• Fiery, Red Wine Marinara (recipe below)
½ cup finely shredded or grated Parmesan cheese
4-6 fresh basil leaves, torn up, for garnish
6 cups wild arugula greens
½ lemon, to squeeze over greens
(*Chinese eggplants are the lighter purple-colored eggplants, that are longer rather than wider or rounder.)
-Place the eggplant slices into a large bowl, and add the red wine vinegar, 1 teaspoon of the sea salt, ¼ teaspoon of the cracked black pepper, the Italian seasoning and about 2 tablespoons of the olive oil, and toss the ingredients to coat the eggplant; allow the slices to marinate for about 10 minutes.
-To grill the eggplant, place a large grill pan over medium-high heat, and allow it to become very hot; add in a few drizzles of olive oil, and then add some of the marinated eggplant slices into the pan in a single layer (you will need to work in batches); allow the slices to grill for roughly 3-4 minutes per side, or until they are golden-brown and soft (add a few more drizzles of olive oil to your pan if the slices seem too dry); once all eggplant slices are grilled, set them aside for a moment, keeping them warm.
-To make the garlic toasts, turn your broiler on high; place some parchment or foil onto a baking sheet, and place the 4 thick slices of rustic bread onto the sheet; drizzle each slice with a couple of drizzles of olive oil and a sprinkle or two of sea salt, and place under the broiler for a couple of moments, just until the bread becomes golden (don't walk away, as you don't want to burn the bread); remove the toasted bread from the oven, leaving the broiler on, and rub the cut clove of garlic over each piece of toasted bread.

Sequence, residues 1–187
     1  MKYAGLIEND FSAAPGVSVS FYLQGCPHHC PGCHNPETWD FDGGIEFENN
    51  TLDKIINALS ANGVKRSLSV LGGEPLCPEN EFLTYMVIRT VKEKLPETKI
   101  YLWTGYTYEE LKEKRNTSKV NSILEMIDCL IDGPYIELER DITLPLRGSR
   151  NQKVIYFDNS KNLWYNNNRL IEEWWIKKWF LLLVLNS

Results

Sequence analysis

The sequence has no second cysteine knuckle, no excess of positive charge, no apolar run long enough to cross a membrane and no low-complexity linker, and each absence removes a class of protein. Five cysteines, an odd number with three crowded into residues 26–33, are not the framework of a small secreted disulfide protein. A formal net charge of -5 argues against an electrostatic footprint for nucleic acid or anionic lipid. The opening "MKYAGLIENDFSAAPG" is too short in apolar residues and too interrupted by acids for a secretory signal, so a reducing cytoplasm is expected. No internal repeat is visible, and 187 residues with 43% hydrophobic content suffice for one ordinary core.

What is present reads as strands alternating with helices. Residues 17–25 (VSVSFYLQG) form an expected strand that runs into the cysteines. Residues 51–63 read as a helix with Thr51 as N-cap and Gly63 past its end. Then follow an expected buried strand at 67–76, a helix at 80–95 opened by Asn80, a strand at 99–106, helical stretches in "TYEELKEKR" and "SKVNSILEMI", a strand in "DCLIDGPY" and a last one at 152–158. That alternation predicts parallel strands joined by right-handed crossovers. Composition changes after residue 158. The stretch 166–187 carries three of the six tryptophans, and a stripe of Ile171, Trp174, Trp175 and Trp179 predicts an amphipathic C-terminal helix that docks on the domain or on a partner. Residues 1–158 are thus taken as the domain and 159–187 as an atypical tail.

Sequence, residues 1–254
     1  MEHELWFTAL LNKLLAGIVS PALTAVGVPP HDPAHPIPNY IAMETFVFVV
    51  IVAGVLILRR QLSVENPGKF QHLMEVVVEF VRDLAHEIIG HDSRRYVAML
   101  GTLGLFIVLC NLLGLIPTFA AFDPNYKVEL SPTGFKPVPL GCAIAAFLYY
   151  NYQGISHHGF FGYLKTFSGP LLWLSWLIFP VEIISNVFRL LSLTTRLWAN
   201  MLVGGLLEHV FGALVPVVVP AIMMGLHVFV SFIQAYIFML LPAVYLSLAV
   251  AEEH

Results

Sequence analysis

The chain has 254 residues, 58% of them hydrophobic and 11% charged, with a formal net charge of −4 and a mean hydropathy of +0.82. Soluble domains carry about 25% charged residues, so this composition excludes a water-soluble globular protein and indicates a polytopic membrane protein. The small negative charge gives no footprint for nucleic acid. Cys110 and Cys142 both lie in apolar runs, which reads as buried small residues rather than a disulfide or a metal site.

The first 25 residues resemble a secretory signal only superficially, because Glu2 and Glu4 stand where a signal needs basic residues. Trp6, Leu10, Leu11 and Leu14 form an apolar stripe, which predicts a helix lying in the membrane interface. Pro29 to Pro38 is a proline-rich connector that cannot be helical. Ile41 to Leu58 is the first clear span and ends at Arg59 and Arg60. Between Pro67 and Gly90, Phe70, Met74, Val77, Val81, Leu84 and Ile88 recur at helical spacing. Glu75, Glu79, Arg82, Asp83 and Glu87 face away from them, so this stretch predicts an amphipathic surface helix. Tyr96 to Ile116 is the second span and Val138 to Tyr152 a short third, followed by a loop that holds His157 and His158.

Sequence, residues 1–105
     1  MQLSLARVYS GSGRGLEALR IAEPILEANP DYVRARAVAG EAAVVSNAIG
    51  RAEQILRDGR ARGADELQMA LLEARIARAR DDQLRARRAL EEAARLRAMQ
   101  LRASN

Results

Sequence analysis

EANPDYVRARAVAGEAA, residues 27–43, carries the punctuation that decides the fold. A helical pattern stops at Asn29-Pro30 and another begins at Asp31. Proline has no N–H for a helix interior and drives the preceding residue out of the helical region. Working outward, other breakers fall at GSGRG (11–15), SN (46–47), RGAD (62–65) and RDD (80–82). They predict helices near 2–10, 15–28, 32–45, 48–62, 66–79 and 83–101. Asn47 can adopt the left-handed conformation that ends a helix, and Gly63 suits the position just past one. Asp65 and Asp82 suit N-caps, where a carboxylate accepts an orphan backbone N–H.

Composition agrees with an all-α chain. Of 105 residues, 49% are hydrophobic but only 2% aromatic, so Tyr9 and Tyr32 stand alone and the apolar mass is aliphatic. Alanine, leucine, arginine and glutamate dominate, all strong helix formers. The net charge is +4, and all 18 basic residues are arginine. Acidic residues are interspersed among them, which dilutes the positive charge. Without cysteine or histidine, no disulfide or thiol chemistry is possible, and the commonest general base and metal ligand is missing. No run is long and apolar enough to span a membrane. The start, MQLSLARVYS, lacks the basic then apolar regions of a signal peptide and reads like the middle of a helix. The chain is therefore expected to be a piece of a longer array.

-To assemble, layer 4 slices of the grilled eggplant onto each piece of garlic toast, spoon some of the fiery marinara over top, and add about 2 tablespoons of the grated/shredded Parmesan cheese to cover; place the eggplant parmesan toasts back under the broiler, and broil just until the cheese melts and is slightly golden; remove the toasts from the oven, sprinkle some of the torn basil leaves over top, and set them aside for just a moment to prep the greens.
-Add the arugula greens to a large bowl, and drizzle with a about 2 tablespoons of the olive oil; squeeze some juice from the ½ lemon over the greens, and add several pinches of sea salt and cracked pepper to taste.
-Serve one Eggplant Parmesan on Crusty Garlic Toast per person, along with equal portions of the Arugula Salad on the side.
Fiery, Red Wine Marinara ingredients:
2 tablespoons olive oil
4 cloves garlic, pressed through garlic press
1 ½ teaspoons Italian seasoning
¼ teaspoon – ½ teaspoon red pepper flakes (use less if you prefer less spicy, or more, for more “fire”)
¾ teaspoons sea salt
¼ teaspoon freshly cracked black pepper
¼ cup red wine
1 (28 oz) can San Marzano crushed tomatoes
-Place a heavy bottom sauce pan over medium-high heat, and add in the olive oil; once hot, add in the garlic, the Italian seasoning, the red pepper flakes, the sea salt and the cracked black pepper, and stir together in the oil, to toast for a moment or two, until the garlic becomes aromatic; next, add in the red wine, and allow it to slightly reduce for about 3 minutes; finally, add in the crushed tomatoes, stir to incorporate, and simmer gently for about 20 minutes until slightly thickened and fragrant; keep warm if using immediately, or allow to cool completely and keep in the fridge if using later. (You may also store any unused portion in a container in the fridge—it's delicious when used for pasta, chicken, or as a pizza sauce.)